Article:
Learning a new language doesn’t have to be from a textbook or a classroom. In fact, learning from its roots and culture is actually more beneficial. When it comes to learning a language, it’s important to keep in mind that it’s not just about learning vocabulary—it’s about the meaning, emotion and culture. I’ve been learning Spanish for about seven years on and off now, and I even attended church in Spanish to help me comprehend it in a different way. If you don’t have these resources available to you or someone that speaks the language fluently, it can be difficult to get a grip on the language fully. However, it is possible! There are endless resources online, in your community, and so on.
Attend Culture Events
You can find a lot of culture days at your university! Also, you can ask your friends or family about local events. Festivals during the summer and fall months are extremely common as well and can be found by simply searching the language you’re learning followed by the keywords ”culture events near me” and you’ll find lots of things depending on your location! Keep in mind that there are also a lot of virtual events due to COVID-19.
Listen to Multimedia in the New Language
Another great way to learn a language is to listen to podcasts, music, shows, movies, speeches, or even the news in that language. If you’re able to obtain a translation in English, that’s a huge bonus because you can follow along. Duolingo has podcasts and stories available so you can follow along and work at your own pace. You can access shows on Netflix or YouTube and some cable providers provide news in all languages. Learning Spanish has been one of the most accessible languages for me to learn and this is one of the most effective ways.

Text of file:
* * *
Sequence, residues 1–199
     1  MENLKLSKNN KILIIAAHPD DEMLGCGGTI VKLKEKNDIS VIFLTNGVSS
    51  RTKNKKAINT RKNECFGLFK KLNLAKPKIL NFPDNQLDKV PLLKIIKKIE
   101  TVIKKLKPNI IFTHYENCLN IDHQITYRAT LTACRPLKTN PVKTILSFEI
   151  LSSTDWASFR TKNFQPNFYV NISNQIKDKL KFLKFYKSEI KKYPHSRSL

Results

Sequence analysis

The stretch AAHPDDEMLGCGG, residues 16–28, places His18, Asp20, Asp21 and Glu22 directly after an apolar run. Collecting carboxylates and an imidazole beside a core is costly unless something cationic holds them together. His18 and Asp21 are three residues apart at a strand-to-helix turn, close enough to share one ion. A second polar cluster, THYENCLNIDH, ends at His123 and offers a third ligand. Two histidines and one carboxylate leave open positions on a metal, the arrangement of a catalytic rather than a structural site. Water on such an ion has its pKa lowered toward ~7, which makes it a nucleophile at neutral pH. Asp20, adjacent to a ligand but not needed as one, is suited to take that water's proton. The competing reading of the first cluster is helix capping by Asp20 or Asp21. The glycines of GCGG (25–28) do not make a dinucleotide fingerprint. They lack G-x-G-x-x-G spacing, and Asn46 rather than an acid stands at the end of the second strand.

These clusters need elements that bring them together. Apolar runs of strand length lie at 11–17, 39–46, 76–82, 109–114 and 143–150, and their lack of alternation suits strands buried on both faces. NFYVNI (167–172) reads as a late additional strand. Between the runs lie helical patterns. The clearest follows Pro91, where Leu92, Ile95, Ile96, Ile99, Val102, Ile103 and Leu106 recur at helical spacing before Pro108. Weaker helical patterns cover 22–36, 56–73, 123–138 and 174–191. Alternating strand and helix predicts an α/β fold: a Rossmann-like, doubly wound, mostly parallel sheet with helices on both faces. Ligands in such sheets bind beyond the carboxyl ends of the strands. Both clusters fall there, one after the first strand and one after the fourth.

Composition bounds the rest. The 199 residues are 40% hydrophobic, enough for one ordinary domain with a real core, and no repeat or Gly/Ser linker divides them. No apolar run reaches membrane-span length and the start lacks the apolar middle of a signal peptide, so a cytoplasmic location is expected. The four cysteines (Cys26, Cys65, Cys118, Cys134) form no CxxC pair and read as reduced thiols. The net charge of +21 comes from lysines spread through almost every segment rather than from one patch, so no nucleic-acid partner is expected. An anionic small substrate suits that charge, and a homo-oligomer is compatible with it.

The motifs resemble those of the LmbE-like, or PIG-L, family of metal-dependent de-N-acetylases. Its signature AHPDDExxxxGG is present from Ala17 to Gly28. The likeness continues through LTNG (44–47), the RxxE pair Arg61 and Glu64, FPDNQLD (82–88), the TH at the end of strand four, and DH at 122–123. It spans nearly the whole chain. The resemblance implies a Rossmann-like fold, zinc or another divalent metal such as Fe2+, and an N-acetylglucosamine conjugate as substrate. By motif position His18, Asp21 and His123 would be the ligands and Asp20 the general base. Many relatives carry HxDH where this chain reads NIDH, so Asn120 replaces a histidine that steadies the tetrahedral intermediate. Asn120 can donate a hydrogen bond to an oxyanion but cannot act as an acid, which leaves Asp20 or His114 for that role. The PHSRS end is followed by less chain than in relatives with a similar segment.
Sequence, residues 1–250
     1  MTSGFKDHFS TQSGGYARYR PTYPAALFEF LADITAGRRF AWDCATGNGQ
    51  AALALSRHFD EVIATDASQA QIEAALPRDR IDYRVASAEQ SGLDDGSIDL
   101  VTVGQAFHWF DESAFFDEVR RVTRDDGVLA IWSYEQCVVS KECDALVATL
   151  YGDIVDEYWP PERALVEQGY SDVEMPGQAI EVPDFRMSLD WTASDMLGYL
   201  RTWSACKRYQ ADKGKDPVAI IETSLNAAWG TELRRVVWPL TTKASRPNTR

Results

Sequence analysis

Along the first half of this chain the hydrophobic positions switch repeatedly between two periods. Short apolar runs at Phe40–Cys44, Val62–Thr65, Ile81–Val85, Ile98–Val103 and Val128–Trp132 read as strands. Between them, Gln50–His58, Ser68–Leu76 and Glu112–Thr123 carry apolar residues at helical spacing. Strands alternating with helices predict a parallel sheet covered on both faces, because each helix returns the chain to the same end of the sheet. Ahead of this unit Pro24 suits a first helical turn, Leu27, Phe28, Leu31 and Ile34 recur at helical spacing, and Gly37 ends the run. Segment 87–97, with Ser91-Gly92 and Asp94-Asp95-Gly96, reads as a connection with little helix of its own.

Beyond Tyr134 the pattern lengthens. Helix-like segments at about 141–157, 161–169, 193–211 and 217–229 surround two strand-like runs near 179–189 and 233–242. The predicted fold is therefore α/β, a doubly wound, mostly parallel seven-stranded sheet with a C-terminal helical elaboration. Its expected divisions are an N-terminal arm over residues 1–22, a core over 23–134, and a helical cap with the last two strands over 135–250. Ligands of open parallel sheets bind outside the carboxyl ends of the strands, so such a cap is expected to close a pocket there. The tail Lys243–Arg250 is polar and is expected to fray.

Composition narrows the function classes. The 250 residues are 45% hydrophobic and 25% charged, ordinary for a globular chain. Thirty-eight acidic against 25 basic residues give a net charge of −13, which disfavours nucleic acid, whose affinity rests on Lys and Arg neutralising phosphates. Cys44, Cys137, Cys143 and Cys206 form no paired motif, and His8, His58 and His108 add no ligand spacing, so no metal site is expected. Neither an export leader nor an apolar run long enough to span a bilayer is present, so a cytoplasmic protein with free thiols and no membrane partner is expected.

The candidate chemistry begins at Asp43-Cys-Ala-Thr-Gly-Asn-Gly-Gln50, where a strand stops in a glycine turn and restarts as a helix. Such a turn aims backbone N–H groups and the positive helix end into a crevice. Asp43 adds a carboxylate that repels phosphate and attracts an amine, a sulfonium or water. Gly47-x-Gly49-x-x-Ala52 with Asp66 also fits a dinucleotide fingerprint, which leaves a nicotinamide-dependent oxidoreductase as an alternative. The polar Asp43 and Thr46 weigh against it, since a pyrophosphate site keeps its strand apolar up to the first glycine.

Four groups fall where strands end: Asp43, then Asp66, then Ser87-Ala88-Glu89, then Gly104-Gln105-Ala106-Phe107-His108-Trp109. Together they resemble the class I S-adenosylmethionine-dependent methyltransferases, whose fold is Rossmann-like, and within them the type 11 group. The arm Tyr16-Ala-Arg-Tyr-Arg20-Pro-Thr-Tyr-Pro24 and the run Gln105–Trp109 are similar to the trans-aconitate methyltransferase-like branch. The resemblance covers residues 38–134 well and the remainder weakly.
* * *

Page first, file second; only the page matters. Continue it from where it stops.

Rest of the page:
Read! Read! Read! Read picture books, magazines, encyclopedias, anything. Have a dictionary next to you and try to read as far as you can without looking something up. Use clues from other words to help you figure it out, but I cannot stress this enough…READ! It may seem silly to take out a children’s book in another language, but that’s what we did when we were learning English. Eventually you will be on your way reading chapter books and scholarly articles. It takes a lot of time and hard work, but you’ll be proud of what you can accomplish.
When it comes to learning a language; speaking it right is just as important as learning what it means. Different dialects can become confusing so I highly recommend finding someone who speaks the same one you are learning! Whether it is a tutor, friend, teacher, or family member—practice speaking it as much as you can. Apps like Duolingo and Rosetta Stone have available options but you do have to pay for them.
What Language Will You Learn?
According to the Linguistic Society of America: “The most extensive catalog of the world’s languages, generally taken to be as authoritative as any, is that of Ethnologue (published by SIL International), whose detailed classified list as of 2009 included 6,909 distinct languages.” Learning a new language strengthens your brain. The possibilities are endless and will open so many opportunities and learning experiences for you! So what language will you learn? Are you already bilingual? Let us know!